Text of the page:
PITTSBURGH -- This season, the Pirates will celebrate the 40th anniversary of their 1979 World Series title. It will be a chance to fondly remember the "We Are Family" days, but also a reminder of just how long it's been since the franchise last brought home a championship.As Bucs president
PITTSBURGH -- This season, the Pirates will celebrate the 40th anniversary of their 1979 World Series title. It will be a chance to fondly remember the "We Are Family" days, but also a reminder of just how long it's been since the franchise last brought home a championship.
As Bucs president Frank Coonelly told a crowd of fans last month at PiratesFest, 40 years is "too damn long."
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Last spring, manager Clint Hurdle spoke optimistically about "when" -- not if -- Pittsburgh will win another World Series. He did it again at PiratesFest, expressing his belief that the team can't win another championship without talking about it. Nobody wants to set the bar at 82 wins.
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"What better city in baseball? You win the sixth World Series here, this place will light up like a Roman candle," Hurdle said. "Special. Significant. And with the group of guys, the way we're going to get it done, the approach we've got to take and the model we're working with, we feel like we can do it."
But how? Nobody else is going to talk about the Pirates competing for a World Series title in 2019, even if their 82-win campaign last year was an encouraging step forward after back-to-back losing seasons. They've spent the previous three years stuck in the middle -- not quite good enough to make the postseason, but not bad enough to tear it down and start over.
They've had a quiet winter one year after trading franchise player Andrew McCutchen and starter Gerrit Cole. The Bucs' payroll has continued to shrink after reaching a franchise-record level in 2016. Most projection systems forecast another finish around .500. Playing in the National League Central won't do them any favors, either.
Last year, the NL Central was the only division to feature four clubs with winning records. And the Reds, the only sub-.500 team in 2018, have actively upgraded their roster this offseason to accelerate their rebuild. What path does that leave for the Pirates?
For starters, the Bucs think they can keep up with their rivals. Last year, they went 43-33 in the NL Central -- their second winning record within the division since it was formed.
"They don't get caught up in payroll. They're not going to get caught star-gazing at names on the back of other teams' jerseys," Hurdle said. "More often than not, that just makes that edge a little bit sharper for them. That's what would make it so much sweeter at the end."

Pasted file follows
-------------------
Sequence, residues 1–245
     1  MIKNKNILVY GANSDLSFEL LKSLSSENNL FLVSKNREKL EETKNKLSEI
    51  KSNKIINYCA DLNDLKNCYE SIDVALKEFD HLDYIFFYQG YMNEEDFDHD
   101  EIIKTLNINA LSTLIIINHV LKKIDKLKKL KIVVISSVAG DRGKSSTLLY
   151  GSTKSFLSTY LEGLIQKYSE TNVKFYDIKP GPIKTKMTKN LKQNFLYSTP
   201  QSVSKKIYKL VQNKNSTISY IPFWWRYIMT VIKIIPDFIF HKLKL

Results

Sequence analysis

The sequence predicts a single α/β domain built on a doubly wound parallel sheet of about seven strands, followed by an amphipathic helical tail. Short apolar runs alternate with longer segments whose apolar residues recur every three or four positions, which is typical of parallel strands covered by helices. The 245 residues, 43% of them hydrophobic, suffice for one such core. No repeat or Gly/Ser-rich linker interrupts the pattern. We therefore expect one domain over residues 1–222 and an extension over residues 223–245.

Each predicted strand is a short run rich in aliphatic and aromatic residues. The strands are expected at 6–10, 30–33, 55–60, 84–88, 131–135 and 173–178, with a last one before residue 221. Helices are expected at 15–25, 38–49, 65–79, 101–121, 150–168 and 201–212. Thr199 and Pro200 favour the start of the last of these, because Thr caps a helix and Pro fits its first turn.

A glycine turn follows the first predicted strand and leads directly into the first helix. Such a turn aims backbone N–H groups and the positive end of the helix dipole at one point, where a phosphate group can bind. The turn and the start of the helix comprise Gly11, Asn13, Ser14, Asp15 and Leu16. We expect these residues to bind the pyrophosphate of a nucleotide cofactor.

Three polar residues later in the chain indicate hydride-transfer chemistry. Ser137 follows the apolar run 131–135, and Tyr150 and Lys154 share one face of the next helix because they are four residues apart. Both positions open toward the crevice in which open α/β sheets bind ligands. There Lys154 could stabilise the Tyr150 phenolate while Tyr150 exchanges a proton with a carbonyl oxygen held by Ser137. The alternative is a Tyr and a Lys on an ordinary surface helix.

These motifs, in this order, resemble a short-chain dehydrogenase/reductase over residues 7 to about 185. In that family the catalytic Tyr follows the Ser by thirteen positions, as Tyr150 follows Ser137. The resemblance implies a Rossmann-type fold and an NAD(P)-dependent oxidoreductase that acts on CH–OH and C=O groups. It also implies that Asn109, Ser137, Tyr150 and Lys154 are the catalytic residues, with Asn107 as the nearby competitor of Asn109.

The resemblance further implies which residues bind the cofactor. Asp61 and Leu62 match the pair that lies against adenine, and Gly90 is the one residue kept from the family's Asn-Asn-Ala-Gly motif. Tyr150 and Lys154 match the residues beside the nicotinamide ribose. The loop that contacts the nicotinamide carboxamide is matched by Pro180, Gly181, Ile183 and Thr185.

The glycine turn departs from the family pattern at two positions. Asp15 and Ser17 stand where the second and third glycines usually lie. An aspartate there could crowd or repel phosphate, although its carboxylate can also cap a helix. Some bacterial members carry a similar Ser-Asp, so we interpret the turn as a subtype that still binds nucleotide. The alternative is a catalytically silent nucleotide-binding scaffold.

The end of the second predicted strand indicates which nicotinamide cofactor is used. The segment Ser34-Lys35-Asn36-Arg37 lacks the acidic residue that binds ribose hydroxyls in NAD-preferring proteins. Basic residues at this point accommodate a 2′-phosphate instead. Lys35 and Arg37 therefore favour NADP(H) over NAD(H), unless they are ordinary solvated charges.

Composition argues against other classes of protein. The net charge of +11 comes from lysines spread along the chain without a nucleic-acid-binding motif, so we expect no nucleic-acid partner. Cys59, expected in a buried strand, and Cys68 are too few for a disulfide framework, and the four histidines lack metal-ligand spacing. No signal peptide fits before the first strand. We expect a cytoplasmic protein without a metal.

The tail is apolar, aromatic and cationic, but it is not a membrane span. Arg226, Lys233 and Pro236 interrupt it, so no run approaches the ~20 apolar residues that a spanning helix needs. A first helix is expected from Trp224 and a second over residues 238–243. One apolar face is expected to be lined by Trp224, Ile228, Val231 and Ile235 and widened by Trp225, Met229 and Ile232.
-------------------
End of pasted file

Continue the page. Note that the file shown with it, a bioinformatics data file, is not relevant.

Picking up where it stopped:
The Pirates also believe in their pitching. They had the Majors' fourth-best ERA after the All-Star break last year. They were uncharacteristically aggressive last July, trading away premium young talent to acquire starter Chris Archer and reliever Keone Kela in a pair of non-waiver Trade Deadline deals.
Archer will join Jameson Taillon, Trevor Williams and Joe Musgrove in the rotation. Kela will set up All-Star closer Felipe Vázquez in a bullpen that also features right-handers Kyle Crick and Richard Rodríguez. All of those pitchers are under club control for at least another year after this, giving Pittsburgh a window to win.
They may get a boost from their farm system, too, as Mitch Keller, ranked as the club's No. 1 prospect by MLB Pipeline, should be ready for the Majors this summer. In an ideal world for the Bucs, Keller would provide a midseason boost to their rotation like Cole did when they returned to the postseason in 2013.
But where will the run support come from? The Pirates haven't added a big bat to their lineup, although there is at least a chance that re-signed third baseman Jung Ho Kang will return to form after nearly two years away. They've placed low-cost bets on Kang, slick-fielding shortstop Erik González and veteran outfielder Lonnie Chisenhall, but they're mostly hoping their core players will take a step forward with another year of experience and a pair of new hitting coaches.
The Pirates are expecting more out of first baseman Josh Bell and third baseman Colin Moran. They're hoping for good health and more of the same out of outfielders Corey Dickerson, Starling Marte and Gregory Polanco, and catchers Francisco Cervelli and Elias Díaz. They're giving Adam Frazier a shot at second base after a strong second half.
If everything clicks and comes together, the Pirates could contend for a playoff spot. If not? It'll be "too damn long" plus another year.
"If we don't win a World Series, we have not accomplished our goal," general manager Neal Huntington said. "That's why we're here."
Adam Berry has covered the Pirates for MLB.com since 2015. Follow him on Twitter and read his blog.